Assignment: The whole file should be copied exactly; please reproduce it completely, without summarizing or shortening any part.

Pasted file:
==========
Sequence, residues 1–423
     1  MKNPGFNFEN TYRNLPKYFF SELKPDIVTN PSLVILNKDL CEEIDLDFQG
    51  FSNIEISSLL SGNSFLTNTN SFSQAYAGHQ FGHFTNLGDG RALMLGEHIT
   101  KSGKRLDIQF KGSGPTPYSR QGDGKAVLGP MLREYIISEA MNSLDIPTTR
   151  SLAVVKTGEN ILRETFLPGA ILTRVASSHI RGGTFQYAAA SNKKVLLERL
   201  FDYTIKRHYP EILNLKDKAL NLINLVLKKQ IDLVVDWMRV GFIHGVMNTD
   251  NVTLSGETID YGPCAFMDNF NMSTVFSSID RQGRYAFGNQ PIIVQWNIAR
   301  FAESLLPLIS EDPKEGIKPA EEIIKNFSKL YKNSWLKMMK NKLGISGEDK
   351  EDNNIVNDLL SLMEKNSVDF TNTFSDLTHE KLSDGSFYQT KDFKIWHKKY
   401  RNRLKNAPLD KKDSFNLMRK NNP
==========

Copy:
Sequence, residues 1–423
     1  MKNPGFNFEN TYRNLPKYFF SELKPDIVTN PSLVILNKDL CEEIDLDFQG
    51  FSNIEISSLL SGNSFLTNTN SFSQAYAGHQ FGHFTNLGDG RALMLGEHIT
   101  KSGKRLDIQF KGSGPTPYSR QGDGKAVLGP MLREYIISEA MNSLDIPTTR
   151  SLAVVKTGEN ILRETFLPGA ILTRVASSHI RGGTFQYAAA SNKKVLLERL
   201  FDYTIKRHYP EILNLKDKAL NLINLVLKKQ IDLVVDWMRV GFIHGVMNTD
   251  NVTLSGETID YGPCAFMDNF NMSTVFSSID RQGRYAFGNQ PIIVQWNIAR
   301  FAESLLPLIS EDPKEGIKPA EEIIKNFSKL YKNSWLKMMK NKLGISGEDK
   351  EDNNIVNDLL SLMEKNSVDF TNTFSDLTHE KLSDGSFYQT KDFKIWHKKY
   401  RNRLKNAPLD KKDSFNLMRK NNP